It gets worse, much worse, but actually fisking this is as it deserves would take hours and some actual research and reporting to do properly.

The real burr in my nether regions is that this is exactly the kind of work  Davidson seems to foregone.  There is literally not one single quote from an actual human being, living or dead.  There are no cites of either data or research.  There are plenty of broad, confident, fallacious claims, but nothing resembling actual intellection, nor journalism, anywhere in this piece.

Which, I guess, is what makes this a type specimen of Village received wisdom — wrong, and damaging, and one more cut to bleed dry any hope of civic discourse — but nothing out of the ordinary for all of that. But it is so damn brazen in its failure of the craft I’ve spent a lot of effort trying to master, and which I try to persuade my students to respect.

If any of you night owls want to document your own favorite travesties to be found therein, I’d be glad to learn.  I’m also hoping other, more authoritative econbloggers have a whack at it too (Brad Delong? Whaddayasay?).

Have fun.  I’ll check back after some hours of the dreamless…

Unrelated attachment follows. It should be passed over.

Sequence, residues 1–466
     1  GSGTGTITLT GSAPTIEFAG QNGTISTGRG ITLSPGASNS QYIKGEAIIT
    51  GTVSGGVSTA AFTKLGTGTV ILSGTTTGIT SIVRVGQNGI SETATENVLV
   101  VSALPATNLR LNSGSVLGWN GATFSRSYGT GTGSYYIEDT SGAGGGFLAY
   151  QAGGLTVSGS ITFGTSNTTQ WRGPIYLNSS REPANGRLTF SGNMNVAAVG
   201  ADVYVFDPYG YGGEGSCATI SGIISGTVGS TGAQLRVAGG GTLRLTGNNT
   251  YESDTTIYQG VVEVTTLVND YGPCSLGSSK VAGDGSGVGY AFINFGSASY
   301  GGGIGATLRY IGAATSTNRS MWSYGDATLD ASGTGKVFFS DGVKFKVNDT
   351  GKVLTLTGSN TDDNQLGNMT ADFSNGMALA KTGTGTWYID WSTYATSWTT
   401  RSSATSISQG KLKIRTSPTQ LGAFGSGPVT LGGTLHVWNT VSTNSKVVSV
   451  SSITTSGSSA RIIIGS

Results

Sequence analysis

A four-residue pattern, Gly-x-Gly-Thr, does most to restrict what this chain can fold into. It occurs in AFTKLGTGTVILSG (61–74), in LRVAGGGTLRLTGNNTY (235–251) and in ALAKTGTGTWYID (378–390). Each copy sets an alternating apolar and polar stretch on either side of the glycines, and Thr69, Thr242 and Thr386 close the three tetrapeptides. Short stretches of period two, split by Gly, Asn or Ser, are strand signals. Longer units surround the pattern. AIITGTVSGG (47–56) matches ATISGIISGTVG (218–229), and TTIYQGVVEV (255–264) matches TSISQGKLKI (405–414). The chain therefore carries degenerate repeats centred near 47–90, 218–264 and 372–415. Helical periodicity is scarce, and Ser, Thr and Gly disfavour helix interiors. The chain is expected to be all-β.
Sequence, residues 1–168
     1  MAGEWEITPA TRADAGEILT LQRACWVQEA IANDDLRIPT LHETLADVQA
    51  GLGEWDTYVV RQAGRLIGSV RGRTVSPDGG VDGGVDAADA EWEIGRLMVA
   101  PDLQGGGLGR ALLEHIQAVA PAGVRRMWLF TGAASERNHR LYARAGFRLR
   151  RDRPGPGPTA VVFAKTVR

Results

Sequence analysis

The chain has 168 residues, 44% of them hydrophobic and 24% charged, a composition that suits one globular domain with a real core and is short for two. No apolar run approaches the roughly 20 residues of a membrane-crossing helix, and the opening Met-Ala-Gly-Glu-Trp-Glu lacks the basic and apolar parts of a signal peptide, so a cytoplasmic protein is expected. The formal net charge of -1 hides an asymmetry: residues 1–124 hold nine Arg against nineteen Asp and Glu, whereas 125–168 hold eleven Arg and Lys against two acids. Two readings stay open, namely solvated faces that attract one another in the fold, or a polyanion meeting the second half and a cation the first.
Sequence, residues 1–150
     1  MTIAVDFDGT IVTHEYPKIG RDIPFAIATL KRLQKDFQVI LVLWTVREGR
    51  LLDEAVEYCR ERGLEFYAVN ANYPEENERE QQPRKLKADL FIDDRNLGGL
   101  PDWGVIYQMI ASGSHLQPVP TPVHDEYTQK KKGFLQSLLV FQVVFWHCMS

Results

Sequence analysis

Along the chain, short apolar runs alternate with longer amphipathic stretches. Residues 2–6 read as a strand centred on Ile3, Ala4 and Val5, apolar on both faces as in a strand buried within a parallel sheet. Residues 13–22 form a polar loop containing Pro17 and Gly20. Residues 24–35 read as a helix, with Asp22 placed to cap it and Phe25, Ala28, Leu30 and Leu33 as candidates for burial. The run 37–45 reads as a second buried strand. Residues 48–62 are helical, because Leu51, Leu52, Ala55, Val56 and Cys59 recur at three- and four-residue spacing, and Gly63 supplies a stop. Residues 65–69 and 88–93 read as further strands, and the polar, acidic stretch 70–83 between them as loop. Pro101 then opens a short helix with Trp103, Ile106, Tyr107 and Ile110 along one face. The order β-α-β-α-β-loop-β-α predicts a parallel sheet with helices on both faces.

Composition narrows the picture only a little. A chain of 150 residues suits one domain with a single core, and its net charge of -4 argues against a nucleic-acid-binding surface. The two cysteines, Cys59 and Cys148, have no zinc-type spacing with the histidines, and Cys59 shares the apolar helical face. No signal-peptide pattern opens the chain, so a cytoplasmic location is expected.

Image:  Vincent van Gogh, Street Scene in Montmartre,  1887

47 replies
  1. 1
    Omnes Omnibus says:

    I shall now beat my head against a wall to make the pain go away.

  2. 2
    Fluffy says:

    This was a beautiful description of the Village elite’s mendacity, and smugness.

  3. 3
    sven says:

    “And President Obama’s jettisoned $400 billion jobs package”

    Nice verb.

  4. 4
    Calouste says:

    Are you sure that it is a real article and not an essay send in as part of an application for David Brooks’ role that accidentally made it’s way into print?

  5. 5
    andrewsomething says:

    Ugg… I too have mostly enjoyed Planet Money up until now. Though that might just be because anything is better than the horrid Marketplace.

  6. 6
    Cacti says:

    There are plenty of broad, confident, fallacious claims, but nothing resembling actual intellection, nor journalism, anywhere in this piece.

    “There is always a well-known solution to every human problem – neat, plausible, and wrong.”